On the plus side my bakery is 99% done and I've started moving things in. My inspector can't get here until Sept. 29th, but told me on the phone that if I have cakes to do it's fine to go ahead and do business--so I'm at least quasi-legal! I think I've talked to her on the phone and asked questions so much that she knows how totally anal I am, and she just assumes it's all up to code. I have no orders, but frankly I've been so busy building and dealing with cancer that I'm not sure I even remember how to do a cake. At least I still remember that I like doing them! So for now I try to continue on with life without cancer/cancer treatment/cancer doctors consuming my every waking and sleeping thought--but it's not easy.
I'll try to post a couple of photos of my bakery in the next day or so. In the past I've never successfully uploaded to a post, but there's always a first time!



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chutzpah Posted 14 Sep 2008 , 1:39pm
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I'm thinking of you.

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nickdrewnjaysmom Posted 16 Sep 2008 , 10:27pm
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I am so sorry you are dealing with this..Please check this site out..Read about iodine and breast cancer!!!!!

Hope this helps!


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handymama Posted 16 Sep 2008 , 10:36pm
post #17 of 28

Just found out today that I did not have clear margins, as my surgeon had told me (I've now fired him). I go next week to the University of Michigan for a second opinion and may be looking at more surgery. Gross.

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mandifrye Posted 16 Sep 2008 , 10:46pm
post #18 of 28

I am sorry that you are going through this, but you can beat it with the help of God, family and friends.

My mom is a breast cancer survivor of 25 years now. icon_lol.gif She had a complete mastectomy and reconstructive surgery. Her cancer was serious and she did have some muscle removed, as well as all of the lymph nodes in her arms. So, being ancient surgery techniques as compared to today, she has some extensive scarring. She still even has silicone!! icon_eek.gif Sad to say, because of the nodes and muscles removal, she does have a problem lifting weight over her head, but she can raise her arms just fine. She can also lift fine.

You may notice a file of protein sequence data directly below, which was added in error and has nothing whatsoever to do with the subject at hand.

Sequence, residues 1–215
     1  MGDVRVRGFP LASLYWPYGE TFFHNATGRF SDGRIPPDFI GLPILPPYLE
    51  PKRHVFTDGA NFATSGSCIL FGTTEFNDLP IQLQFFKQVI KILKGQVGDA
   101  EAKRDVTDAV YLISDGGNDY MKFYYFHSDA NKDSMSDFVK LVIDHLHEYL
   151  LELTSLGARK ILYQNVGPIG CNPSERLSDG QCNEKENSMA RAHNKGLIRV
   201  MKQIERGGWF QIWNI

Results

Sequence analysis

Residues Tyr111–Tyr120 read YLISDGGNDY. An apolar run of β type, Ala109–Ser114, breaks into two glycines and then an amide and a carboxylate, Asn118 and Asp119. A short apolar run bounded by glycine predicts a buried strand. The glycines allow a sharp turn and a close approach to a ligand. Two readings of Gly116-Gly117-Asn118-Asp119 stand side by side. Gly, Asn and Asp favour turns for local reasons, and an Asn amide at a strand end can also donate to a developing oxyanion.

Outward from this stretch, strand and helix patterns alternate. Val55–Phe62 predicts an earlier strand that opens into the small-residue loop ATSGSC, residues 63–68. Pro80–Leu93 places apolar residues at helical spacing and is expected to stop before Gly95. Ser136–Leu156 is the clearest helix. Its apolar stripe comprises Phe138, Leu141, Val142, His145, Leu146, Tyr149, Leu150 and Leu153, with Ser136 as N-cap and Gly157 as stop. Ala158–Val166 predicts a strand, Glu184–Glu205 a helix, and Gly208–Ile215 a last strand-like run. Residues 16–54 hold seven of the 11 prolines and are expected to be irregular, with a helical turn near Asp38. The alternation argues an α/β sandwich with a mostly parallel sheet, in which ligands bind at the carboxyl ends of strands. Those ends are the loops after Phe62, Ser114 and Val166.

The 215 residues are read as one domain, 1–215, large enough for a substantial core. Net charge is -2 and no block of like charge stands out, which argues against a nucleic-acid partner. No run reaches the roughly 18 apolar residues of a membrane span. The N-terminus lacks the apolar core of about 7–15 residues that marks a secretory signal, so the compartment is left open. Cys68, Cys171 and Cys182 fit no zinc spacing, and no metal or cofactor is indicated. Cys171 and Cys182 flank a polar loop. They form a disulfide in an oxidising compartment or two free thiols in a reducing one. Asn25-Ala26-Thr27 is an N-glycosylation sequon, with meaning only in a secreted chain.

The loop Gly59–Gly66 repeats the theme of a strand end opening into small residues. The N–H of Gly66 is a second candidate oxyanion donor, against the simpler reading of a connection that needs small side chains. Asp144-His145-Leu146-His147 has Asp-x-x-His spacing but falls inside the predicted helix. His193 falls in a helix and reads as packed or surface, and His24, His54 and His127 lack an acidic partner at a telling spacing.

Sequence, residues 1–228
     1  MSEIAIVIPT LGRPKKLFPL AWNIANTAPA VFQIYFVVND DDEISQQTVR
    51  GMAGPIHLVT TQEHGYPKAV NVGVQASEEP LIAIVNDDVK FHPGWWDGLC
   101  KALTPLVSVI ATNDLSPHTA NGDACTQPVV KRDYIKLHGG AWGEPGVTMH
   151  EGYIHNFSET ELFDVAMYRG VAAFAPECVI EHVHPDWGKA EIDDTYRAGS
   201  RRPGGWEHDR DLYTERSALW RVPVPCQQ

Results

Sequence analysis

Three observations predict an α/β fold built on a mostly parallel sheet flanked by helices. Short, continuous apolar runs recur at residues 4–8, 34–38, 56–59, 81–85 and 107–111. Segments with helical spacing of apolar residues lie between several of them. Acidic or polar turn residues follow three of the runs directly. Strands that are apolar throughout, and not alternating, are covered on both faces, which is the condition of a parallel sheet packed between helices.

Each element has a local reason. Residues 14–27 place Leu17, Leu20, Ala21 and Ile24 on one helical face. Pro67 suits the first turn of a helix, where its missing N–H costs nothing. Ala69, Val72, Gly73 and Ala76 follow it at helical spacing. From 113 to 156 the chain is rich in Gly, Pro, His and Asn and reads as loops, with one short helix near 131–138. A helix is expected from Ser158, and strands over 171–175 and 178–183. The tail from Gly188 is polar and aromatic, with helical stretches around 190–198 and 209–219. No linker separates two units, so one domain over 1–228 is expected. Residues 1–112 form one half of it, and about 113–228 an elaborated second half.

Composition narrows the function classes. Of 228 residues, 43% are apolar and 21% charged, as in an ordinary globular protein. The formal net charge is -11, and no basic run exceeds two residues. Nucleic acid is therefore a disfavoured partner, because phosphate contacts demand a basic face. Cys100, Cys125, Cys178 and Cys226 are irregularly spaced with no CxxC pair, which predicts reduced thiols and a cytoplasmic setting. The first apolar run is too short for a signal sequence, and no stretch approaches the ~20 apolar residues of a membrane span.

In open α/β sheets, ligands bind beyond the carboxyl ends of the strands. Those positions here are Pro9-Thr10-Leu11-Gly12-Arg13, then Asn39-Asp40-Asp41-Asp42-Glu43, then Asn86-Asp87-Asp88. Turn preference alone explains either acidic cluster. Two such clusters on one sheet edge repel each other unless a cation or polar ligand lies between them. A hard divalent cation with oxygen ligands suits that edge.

You will have down time, and be sure to take it easy during this time. If you try to do too much too early, you will only extend the healing process.

You will be in my thoughts and prayers.

God bless you and your family.

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sari66 Posted 17 Sep 2008 , 1:34am
post #19 of 28

Handymama, I'm sorry that you are going thru this but it is curable. My Mom had this same dx and she had surgery twice as her margins weren't clear and they won't start any type of treatment without it. I'm glad that you asked so many questions and that you have now fired your Dr. as anyone who can't be honest about your cancer is someone you don't want on your team.
As for your work you should have no issues as long as you give yourself plenty of time to heal.
If you have any questions please feel free to ask as in my former life I was a LPN icon_smile.gif


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handymama Posted 17 Sep 2008 , 1:53pm
post #20 of 28

Thanks Sari, that's encouraging. Also, congrats on your weight loss!

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handymama Posted 25 Sep 2008 , 3:16pm
post #21 of 28

An update: I went to U of M Medical Center for a second opinion, and the Dr. there said I should have additional surgery to remove the scattered microcalcifications that were left behind. I now have two surgeons giving me polar opposite opinions. I lean towards the "better safe than sorry" philosophy, but hey! I'm running out of "tissue samples" to contribute! It's not like it grows back.
On the bright side, my bakery is finished except for moving in and organizing cake toys. We passed the final building inspection yesterday, and I have an appointment on Monday with the Dept. of Ag. inspector. I have no orders, no customers, and almost no idea how to actually conduct business. It's scary since I'm not really sure where to set prices or how to present myself as a professional when I'm just starting out.

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nickshalfpint Posted 25 Sep 2008 , 4:57pm